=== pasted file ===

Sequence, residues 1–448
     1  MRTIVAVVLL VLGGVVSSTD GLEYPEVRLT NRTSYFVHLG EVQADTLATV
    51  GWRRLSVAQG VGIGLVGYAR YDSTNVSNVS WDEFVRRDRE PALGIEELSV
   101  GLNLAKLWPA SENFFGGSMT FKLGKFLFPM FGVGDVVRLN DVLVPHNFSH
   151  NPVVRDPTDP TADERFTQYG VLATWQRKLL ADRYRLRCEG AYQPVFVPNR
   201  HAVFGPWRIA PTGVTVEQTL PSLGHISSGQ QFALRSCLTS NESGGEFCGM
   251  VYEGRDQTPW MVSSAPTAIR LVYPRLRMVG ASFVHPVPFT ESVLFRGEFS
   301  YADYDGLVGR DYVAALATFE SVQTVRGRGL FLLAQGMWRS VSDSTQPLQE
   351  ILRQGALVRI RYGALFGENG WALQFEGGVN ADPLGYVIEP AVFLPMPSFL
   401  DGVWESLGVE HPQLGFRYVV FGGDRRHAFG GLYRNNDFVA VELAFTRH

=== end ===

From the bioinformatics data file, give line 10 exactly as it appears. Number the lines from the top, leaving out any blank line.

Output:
   401  DGVWESLGVE HPQLGFRYVV FGGDRRHAFG GLYRNNDFVA VELAFTRH